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Coronal Mass Ejection Headed Toward Mercury and Venus
July 2, 2013

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On July 1, 2013, at 6:09 p.m. EDT, the sun erupted with a coronal mass ejection, or CME, a solar phenomenon that can send billions of tons of solar particles into space that can affect electronic systems in satellites. Experimental NASA research models based on NASA’s Solar Terrestrial Relations Observatory show that the CME was not Earth-directed and it left the sun at around 570 miles per second.

The CME may, however, pass by NASA’s Messenger, Spitzer and STEREO-B satellites, and their mission operators have been notified. There is only very slight particle radiation associated with this event, which is what would normally concern operators of interplanetary spacecraft, because the particles can trip computer electronics aboard interplanetary spacecraft. If warranted, operators can put spacecraft into safe mode to protect the instruments from the solar material.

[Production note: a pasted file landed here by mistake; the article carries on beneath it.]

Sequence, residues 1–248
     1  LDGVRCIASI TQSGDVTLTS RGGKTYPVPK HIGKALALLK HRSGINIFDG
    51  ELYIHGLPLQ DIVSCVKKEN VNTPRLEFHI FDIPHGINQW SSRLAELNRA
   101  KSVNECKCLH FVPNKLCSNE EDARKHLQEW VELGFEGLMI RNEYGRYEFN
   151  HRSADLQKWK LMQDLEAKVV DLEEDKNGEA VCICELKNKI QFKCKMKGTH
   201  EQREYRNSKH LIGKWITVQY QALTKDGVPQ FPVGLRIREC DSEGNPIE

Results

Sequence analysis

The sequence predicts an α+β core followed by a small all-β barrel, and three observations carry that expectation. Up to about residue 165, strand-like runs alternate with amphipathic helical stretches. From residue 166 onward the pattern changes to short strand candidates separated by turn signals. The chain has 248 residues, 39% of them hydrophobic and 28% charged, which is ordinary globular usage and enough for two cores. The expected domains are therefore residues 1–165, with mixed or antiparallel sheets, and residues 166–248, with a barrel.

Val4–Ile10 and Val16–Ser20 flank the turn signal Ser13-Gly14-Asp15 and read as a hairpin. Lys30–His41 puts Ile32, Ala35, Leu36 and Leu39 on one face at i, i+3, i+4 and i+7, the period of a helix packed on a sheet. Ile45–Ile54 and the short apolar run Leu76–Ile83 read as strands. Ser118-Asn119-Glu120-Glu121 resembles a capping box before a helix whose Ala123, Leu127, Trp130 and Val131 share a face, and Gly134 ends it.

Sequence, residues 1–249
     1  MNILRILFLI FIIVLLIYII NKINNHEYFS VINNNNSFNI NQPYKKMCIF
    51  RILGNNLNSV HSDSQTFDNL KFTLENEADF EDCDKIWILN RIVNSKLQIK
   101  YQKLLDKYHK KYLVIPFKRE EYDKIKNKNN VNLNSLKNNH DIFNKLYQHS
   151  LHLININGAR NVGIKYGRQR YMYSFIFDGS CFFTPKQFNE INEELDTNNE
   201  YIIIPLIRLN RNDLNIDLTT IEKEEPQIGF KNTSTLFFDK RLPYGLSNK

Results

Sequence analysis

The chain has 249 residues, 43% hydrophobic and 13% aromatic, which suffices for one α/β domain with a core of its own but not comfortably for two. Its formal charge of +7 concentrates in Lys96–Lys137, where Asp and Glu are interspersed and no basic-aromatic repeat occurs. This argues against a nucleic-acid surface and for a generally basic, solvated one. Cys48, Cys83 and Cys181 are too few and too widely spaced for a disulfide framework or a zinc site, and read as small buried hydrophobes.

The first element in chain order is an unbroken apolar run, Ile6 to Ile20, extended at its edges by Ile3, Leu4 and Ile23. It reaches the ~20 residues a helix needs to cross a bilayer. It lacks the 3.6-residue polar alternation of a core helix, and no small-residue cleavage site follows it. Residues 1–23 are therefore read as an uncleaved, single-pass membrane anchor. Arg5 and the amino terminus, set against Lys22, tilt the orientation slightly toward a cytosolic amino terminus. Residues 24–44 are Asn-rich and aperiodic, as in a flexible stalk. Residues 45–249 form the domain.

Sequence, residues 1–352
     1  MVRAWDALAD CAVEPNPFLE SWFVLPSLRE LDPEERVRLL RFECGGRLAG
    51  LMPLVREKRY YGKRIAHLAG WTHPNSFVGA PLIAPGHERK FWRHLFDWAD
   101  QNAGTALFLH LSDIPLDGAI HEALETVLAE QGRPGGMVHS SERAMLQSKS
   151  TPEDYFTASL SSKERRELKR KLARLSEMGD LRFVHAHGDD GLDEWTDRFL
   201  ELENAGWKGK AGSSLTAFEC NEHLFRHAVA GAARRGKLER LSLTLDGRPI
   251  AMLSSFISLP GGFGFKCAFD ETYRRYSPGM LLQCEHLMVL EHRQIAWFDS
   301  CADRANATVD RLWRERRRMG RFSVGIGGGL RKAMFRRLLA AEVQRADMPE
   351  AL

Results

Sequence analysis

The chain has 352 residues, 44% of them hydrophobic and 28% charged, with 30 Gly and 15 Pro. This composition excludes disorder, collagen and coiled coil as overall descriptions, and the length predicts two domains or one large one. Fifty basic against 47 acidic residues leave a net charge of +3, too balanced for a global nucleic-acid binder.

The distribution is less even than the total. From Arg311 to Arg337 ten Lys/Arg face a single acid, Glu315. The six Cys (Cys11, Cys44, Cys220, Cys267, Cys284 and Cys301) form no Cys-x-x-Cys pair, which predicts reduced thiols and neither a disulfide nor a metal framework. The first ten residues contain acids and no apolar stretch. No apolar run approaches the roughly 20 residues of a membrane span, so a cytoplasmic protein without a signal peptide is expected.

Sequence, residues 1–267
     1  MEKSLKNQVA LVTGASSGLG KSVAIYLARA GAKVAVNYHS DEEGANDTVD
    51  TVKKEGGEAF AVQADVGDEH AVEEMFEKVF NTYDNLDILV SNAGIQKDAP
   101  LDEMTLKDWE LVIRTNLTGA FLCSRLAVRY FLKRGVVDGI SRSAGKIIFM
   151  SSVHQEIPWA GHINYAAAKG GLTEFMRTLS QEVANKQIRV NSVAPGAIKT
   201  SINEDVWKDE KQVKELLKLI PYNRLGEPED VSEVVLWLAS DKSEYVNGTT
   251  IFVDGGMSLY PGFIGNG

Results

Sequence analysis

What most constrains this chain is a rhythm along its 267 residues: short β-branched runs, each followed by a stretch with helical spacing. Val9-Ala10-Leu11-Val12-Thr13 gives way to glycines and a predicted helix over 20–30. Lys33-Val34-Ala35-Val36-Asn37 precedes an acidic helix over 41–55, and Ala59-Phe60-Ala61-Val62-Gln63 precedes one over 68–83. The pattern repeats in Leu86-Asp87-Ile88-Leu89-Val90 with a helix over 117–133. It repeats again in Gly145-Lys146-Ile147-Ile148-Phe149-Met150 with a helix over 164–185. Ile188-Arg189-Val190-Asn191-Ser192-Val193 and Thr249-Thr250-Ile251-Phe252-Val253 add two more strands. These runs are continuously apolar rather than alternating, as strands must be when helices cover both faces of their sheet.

NOAA's Space Weather Prediction Center (http://swpc.noaa.gov) is the U.S. government's official source for space weather forecasts, alerts, watches and warnings.

Updates will be provided as needed.

Related Links

› Frequently Asked Questions Regarding Space Weather
› View Other Past Solar Activity

Karen C. Fox
NASA's Goddard Space Flight Center, Greenbelt, Md.

SOHO captured this CME on July 1, 2013.
On July 1, 2013, the sun erupted with a coronal mass ejection, or CME – shown here as the lighter-colored gas moving off to the left -- which soared off in the direction of Venus and Mars. This image was captured by the joint ESA/NASA Solar and Heliospheric Observatory.
Image Credit: 
ESA and NASA/SOHO
Image Token: 
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Page Last Updated: July 28th, 2013
Page Editor: Holly Zell